The comment from all who read it was "But... so who DID steal the diamonds?" Clearly, none of my friends were clever enough to get it. Ok, so I was twelve at the time.
So author, did the real detectives solve the crime, or did Jack's involvement ruin the forensics? Did poor Jack get sued for defamation by the innocent party he named publically? I like the idea of a bumbling Get Smart type detective, but they need some redeeming features to make them personable, otherwise why would we stick with them for 70,000words, let alone 150,000? Jack comes across as smug and bland - how can you show us he's actually interesting?
Finally, there's a shortage of nurses around the world. Many twentysomethings go on extended working holidays. Travelling, earning some dough for a few months with a nursing agency, then travelling more (makes me wish I'd considered nursing as a career). I'm sure Zoe is spontaneous and so on, but what you've said about her doesn't demonstrate this, as her peers are likely to be doing the same thing. How else can you show us her spontenaity?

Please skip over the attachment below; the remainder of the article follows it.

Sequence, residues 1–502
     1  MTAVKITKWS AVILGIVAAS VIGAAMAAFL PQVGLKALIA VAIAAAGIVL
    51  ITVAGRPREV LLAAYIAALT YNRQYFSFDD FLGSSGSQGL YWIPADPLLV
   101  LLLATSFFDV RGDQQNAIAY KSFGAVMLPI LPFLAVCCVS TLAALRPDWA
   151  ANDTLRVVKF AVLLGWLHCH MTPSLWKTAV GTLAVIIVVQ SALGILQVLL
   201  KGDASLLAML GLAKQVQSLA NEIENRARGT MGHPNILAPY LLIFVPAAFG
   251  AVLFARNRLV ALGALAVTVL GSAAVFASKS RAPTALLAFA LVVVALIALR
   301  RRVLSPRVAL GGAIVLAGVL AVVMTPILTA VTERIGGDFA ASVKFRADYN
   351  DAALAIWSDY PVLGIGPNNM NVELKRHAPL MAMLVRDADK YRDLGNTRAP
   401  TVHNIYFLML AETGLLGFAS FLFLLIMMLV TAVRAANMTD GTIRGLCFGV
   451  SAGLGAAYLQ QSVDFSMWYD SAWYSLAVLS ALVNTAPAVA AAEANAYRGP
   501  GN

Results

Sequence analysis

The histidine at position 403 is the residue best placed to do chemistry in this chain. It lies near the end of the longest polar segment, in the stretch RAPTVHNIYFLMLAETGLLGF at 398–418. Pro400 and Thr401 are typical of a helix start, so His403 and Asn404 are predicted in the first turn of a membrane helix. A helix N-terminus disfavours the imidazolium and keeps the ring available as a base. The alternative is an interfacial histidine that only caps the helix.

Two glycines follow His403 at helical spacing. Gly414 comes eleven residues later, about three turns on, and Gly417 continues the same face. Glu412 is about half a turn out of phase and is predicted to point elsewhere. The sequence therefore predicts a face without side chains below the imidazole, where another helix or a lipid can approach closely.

Keep going, you'll get there!
chelsea said...The way it's written, it sounds like Zoe doesn't even blink at the discovery of the corpse, but what I think you mean is she doesn't blink at the police's explanation. Even if she is a nurse, discovering a dead body on her honeymoon would be jarring -- unless she's the killer, or a sociopath.
Then you go on to say she knows exactly what Jack will find in the village, but how does she know? The things you state seem a little too specific for her so guess, unless she's from Crete, or the killer.
Then again, looking back, you do say that things happen around her, so maybe she is the killer. If she isn't, I'm not sure why she knows certain things and reacts certain ways.
Otherwise, the premise sounds fun. A few tweaks and I think this will be really enticing :)